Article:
Farrah Fawcett

Hollywood icon Farrah Fawcett, the star of "Charlie's Angels" who was one of the biggest sex symbols of the 1970s, died today after battling cancer. She was 62. Farrah died shortly before 9:30 a.m. in a Santa Monica California hospital, her spokesman Paul Bloch said. Ryan O'Neal, the longtime companion who had reunited with Fawcett as she fought anal cancer, was at her side, along with close friend Alana Stewart, Bloch said." After a long and brave battle with cancer, our beloved Farrah has passed away," O'Neal said. "Although this is an extremely difficult time for her family and friends, we take comfort in the beautiful times that we shared with Farrah over the years and the knowledge that her life brought joy to so many people around the world." Her cast mates from "Charlie's Angels" also paid tribute to her."Farrah had courage, she had strength, and she had faith. And now she has peace as she rests with the real angels," Jaclyn Smith said. Said co-star Cheryl Ladd: "She was incredibly brave, and God will be welcoming her with open arms."Fawcett was a huge hit across the world in 1976 as one-third of the crime-fighting team in the hit television show "Charlie's Angels." A poster of her in a clingy swimsuit sold millions of copies. Her full, layered hairstyle became all the rage, with girls and women across America adopting the Farrah look. The actress turned to more serious roles in the 1980s and 1990s, winning acclaim playing an abused wife in "The Burning Bed." She had been diagnosed with cancer in 2006. As she underwent the very hard treatment, she enlisted the help of O'Neal, who was the father of her now 24-year-old son, Redmond.This month, O'Neal said he asked Fawcett to marry him and she agreed. They would wed "as soon as she can say yes," he said. Her struggle with painful treatments and dispiriting setbacks was recorded in the television documentary "Farrah's Story." Fawcett sought cures in Germany as well as in the United States, battling the disease with iron determination even as her body weakened from all the treatments." Her message of hope to people was don't give up, no matter what they say to you, keep fighting," her friend Stewart said. NBC estimated that the May 15, 2009, broadcast drew nearly 9 million viewers. In the documentary, Fawcett was seen shaving off most of her trademark locks before chemotherapy made it's mark. Toward the end, she's seen huddled in bed, barely responding to a visit from her son. In September 2006, Fawcett at age 59, still maintained her lifestyle of tennis and paddleball, but she began to feel exhausted. She underwent two weeks of tests and was told the devastating news. She had anal cancer. O'Neal, with whom she had a 17-year on and off relationship with, again became her constant companion, escorting her to the hospital for chemotherapy. "She's so strong," the actor told a reporter. "I love her. I love her all over again." Her decision to tell her own story through the NBC documentary was meant as an inspiration to others, friends said. The segments showing her cancer treatment, including a trip to Germany for procedures there, were originally shot for a personal, family record, they said. And although very weak from the treatments, she continued her good humor in the documentary. "I do not want to die of this disease. So I say to God, `It is seriously time for a miracle,'" she said at one point.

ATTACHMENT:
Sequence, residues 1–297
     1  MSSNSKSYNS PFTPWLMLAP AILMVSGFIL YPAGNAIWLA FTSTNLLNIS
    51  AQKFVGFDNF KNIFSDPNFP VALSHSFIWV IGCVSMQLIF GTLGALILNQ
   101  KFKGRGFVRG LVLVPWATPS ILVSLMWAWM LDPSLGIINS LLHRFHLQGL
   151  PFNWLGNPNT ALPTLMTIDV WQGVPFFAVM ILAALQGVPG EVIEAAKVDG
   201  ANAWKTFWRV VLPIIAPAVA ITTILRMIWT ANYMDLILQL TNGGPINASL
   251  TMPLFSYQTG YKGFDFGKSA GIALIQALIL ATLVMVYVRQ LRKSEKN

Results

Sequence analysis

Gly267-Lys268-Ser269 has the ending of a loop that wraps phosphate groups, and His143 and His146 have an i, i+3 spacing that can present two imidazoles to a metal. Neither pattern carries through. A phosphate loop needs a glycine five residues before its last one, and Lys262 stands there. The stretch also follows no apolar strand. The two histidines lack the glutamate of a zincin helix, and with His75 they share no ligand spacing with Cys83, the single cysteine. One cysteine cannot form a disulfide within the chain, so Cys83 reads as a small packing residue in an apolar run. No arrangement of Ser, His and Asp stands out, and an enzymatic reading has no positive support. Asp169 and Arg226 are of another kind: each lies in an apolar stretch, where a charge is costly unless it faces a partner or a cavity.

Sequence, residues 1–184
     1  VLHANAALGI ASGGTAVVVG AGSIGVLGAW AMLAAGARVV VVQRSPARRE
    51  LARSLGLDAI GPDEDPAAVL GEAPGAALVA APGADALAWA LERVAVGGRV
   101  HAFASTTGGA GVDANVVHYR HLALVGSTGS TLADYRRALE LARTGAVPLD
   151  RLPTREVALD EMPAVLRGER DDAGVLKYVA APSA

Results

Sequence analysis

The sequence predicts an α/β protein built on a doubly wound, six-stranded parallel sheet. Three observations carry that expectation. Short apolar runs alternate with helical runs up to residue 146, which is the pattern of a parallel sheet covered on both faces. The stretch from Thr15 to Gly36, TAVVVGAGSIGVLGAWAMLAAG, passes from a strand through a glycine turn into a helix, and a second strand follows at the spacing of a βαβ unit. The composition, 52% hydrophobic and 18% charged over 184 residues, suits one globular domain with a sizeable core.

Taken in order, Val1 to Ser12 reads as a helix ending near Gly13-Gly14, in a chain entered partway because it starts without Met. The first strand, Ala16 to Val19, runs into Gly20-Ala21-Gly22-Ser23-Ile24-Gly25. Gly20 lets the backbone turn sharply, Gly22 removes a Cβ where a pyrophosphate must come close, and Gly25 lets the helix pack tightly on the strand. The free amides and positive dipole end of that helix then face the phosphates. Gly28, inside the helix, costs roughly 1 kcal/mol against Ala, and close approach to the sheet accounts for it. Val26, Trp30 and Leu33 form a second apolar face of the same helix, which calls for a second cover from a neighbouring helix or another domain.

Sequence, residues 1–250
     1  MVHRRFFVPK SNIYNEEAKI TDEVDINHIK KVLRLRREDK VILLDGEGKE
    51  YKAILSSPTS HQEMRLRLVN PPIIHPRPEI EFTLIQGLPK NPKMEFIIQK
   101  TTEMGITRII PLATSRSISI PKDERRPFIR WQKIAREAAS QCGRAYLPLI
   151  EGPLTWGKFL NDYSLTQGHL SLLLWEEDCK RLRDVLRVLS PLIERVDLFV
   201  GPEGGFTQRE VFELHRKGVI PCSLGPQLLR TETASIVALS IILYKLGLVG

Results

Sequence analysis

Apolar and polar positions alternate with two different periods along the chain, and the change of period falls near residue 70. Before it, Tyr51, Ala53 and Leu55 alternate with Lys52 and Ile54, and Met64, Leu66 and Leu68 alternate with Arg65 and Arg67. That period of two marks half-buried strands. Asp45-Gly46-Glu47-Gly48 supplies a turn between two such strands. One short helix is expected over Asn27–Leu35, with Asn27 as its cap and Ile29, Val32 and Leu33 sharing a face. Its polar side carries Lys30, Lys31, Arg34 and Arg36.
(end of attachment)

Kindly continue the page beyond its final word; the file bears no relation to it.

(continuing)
Photos By: Sara De Boer/Retna